Understand changing attitudes about where and how people work

Mercer’s Global Talent Trends 2022–2023 study underscores an important point about post-pandemic work: People are choosing what organizations they want to work with, not for.

This is a key distinction because:

    • It reflects the ecosystem design of most companies’ talent networks.
    • It hints at the freedom people feel they have to change jobs if they’re unsatisfied with the one they have.

Organizations that understand this “treat everyone in their talent ecosystem as a potential partner, either now or in the future,” Mercer’s team writes. “As a result, they are embracing different work contracts (gig, variable/seasonal, shared, parttime, full-time) and work models (onsite, hybrid, remote) to their advantage.”

Mercer warns that some organizations might feel compelled to cut corners and turn their remote employees into contingent workers. Their data suggests workers in certain regions — Europe specifically — will balk at that idea.

Instead, it’s worth considering what the Mercer study found about high-growth companies and how they treated employees in the last few years:

    • More than one-third offered a four-day workweek.
    • 51 percent “asked employees where they want to work and how they work best.”
    • Even more, 54 percent, made flexibility a part of the company’s culture norms.

In other words, there’s a strong correlation between high growth and recognition of the new social contract that employees are creating with their employers.

Those companies could ensure an advantage into the future by retaining top performers, too. “These days candidates are looking for companies that will value their whole selves and provide support in achieving work-life balance,” says Jennifer Shappley, VP of global talent acquisition at LinkedIn.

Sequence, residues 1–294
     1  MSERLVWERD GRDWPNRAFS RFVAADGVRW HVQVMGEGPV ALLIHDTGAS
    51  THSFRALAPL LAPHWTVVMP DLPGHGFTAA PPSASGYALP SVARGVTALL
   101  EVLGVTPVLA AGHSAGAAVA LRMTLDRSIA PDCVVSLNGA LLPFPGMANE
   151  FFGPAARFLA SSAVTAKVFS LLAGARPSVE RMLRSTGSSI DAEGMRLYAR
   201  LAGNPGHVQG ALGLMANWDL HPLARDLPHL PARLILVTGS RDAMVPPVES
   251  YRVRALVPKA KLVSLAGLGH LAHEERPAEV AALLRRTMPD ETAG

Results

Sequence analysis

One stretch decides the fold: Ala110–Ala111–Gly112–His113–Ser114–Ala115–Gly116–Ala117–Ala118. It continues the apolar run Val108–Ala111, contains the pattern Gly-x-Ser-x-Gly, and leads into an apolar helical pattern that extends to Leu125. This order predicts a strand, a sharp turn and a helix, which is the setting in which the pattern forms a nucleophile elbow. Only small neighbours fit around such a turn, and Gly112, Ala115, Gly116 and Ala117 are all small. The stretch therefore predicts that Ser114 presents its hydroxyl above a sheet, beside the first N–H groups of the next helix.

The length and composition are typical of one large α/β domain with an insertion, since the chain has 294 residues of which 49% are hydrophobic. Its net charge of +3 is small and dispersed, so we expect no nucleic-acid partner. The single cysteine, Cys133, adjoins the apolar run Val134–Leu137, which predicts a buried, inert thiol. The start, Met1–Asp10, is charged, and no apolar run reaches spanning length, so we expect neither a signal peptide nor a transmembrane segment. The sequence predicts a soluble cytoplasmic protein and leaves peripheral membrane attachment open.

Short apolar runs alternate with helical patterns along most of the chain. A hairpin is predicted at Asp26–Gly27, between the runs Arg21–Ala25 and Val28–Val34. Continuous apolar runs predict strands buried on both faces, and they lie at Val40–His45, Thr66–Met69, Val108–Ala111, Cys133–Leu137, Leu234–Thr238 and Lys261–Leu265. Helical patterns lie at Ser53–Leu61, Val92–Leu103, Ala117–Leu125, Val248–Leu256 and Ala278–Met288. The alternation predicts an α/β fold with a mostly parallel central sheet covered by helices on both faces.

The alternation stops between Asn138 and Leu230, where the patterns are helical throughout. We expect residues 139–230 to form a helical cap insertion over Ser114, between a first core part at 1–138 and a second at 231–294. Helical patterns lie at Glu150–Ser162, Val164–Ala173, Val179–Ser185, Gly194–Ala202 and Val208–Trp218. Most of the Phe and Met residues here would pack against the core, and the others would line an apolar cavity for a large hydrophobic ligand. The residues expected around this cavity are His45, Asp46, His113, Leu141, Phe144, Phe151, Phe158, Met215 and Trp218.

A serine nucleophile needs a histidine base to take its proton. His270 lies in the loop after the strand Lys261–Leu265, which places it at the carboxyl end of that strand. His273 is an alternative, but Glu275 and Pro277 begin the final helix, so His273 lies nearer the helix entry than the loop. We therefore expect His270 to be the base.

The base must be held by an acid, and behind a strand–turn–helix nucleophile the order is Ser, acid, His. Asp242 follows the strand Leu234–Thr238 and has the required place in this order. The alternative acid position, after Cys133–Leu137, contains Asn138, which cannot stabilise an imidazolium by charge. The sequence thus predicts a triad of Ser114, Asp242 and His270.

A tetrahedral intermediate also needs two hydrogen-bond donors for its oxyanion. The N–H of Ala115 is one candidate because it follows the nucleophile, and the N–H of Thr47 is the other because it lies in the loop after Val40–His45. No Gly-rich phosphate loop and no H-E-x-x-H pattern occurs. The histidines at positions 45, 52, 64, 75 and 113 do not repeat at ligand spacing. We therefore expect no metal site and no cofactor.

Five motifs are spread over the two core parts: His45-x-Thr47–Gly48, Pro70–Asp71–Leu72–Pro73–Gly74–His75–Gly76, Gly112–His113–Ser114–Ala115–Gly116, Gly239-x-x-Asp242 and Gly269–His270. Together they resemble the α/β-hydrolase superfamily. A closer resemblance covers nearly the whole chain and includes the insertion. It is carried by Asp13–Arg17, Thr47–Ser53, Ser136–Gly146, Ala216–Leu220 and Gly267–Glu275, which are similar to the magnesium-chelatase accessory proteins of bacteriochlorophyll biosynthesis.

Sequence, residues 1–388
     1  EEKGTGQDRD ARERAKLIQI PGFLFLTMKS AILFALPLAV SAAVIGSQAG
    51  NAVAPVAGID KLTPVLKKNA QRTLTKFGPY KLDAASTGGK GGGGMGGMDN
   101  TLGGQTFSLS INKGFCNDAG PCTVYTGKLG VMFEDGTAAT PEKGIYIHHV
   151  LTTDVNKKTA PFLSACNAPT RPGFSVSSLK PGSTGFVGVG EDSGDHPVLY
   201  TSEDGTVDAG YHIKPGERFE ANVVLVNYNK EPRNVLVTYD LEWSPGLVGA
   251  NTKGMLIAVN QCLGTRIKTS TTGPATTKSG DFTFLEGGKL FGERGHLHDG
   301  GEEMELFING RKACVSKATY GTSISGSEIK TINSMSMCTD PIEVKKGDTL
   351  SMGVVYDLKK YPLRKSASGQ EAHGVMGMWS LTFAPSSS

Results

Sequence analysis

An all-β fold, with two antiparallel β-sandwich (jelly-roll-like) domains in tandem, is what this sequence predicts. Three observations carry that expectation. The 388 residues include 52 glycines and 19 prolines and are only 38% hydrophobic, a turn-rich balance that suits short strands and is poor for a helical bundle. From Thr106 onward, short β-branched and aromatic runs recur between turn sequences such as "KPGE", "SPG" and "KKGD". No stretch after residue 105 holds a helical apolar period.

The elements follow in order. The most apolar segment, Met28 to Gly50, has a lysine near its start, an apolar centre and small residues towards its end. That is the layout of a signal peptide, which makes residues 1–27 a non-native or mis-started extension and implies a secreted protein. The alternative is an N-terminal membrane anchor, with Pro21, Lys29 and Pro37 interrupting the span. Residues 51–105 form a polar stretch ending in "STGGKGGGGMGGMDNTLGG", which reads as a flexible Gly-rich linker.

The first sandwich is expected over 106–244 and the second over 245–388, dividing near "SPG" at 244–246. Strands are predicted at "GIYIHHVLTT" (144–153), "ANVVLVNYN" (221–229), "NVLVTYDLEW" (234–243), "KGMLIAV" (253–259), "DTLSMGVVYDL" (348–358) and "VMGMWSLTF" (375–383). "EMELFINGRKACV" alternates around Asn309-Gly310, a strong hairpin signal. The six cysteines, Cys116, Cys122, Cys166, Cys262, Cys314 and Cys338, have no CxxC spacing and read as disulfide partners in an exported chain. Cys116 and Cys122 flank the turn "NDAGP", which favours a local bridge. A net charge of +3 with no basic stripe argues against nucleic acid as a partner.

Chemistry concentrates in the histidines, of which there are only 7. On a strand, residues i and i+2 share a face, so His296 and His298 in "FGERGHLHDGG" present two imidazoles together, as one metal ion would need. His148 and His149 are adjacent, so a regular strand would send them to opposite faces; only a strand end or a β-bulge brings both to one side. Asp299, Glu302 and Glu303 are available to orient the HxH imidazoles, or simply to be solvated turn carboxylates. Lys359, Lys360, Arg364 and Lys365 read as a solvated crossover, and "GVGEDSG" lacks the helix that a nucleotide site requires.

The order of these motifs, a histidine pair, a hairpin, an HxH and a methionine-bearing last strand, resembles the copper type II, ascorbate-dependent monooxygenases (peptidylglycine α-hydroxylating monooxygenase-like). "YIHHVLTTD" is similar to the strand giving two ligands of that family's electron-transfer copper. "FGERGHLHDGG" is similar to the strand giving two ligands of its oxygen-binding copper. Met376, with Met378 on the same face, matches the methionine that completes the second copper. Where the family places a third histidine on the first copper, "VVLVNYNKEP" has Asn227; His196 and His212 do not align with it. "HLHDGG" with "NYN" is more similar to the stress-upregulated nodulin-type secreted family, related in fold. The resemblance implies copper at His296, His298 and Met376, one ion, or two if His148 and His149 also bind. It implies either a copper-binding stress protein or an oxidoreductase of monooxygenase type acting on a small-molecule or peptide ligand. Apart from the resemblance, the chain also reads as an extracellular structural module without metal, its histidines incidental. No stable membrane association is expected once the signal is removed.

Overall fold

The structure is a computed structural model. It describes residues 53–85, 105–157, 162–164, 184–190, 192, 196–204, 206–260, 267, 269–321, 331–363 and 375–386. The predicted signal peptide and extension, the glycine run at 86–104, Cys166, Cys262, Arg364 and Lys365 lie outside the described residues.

“As talent leaders, we need to be prepared to speak to candidates about what our organizations value and how we support our employees. And this isn’t just a hiring strategy – it’s key to ensuring we retain our best talent, as well.”

Embrace the opportunities that global workforces offer

As companies take steps to shore up the talent they have, they’re also able to reach new talent pools around the world.

The team at Globalization-Partners cites this as a top trend in hiring right now. Specifically, they point to emerging talent hubs such as India, South Africa, Indonesia and Colombia — all places “likely [to] experience a talent surplus and significant economic growth in the next decade” — as sources of talent.

Whether that means hiring permanent staff or building out networks of contingent workers is a strategy question for company executives. The tools are in place to do either, but payroll can only keep pace if the right tech is in place to support it.

Align executives to a shared vision of company growth

This is where cross-departmental collaboration becomes important.

David Jones, technology portfolio VP at IDA Ireland, gives an example in Forbes of how a CFO and CTO can work together to tap into global talent pools.

“A reflective CFO—one who brings a worldly disposition and the emotional intelligence to strike an effective talent partnership with the CTO—can help to enthuse the best international technology candidates,” Jones writes.

In this case, the CFO would support a clear need from the CTO (i.e. “We need the best tech talent we can find”) not by saying, “OK, but how do we afford that?” but by asking “OK, where can we find that talent?”

Payroll data powers those conversations

In the example above, the CFO and CTO could go to the global payroll manager and ask for a report on country-by-country labor costs. That would give them an idea of where to focus talent acquisition, which would then loop in HR.

From there, those teams could collaborate on a strategy for expanding the company’s tech talent according to:

    • Where the best talent can be found.
    • What the company can do to attract that talent.
    • What an optimal mix of employment types (full-time or part-time salary, remote or hybrid, freelance, etc.) might look like.
    • What future talent gaps the company might need to fill.

We built the Payslip global payroll control platform to give payroll managers instant access to the payroll data that can help support such decision-making. Our platform was built with the complexity described above in mind. It helps executives turn complexity and risk into clarity and foresight.

To learn more, take a look at our Payslip Global Reporters capabilities.


For more information about our Global Payroll Control Platform contact us today.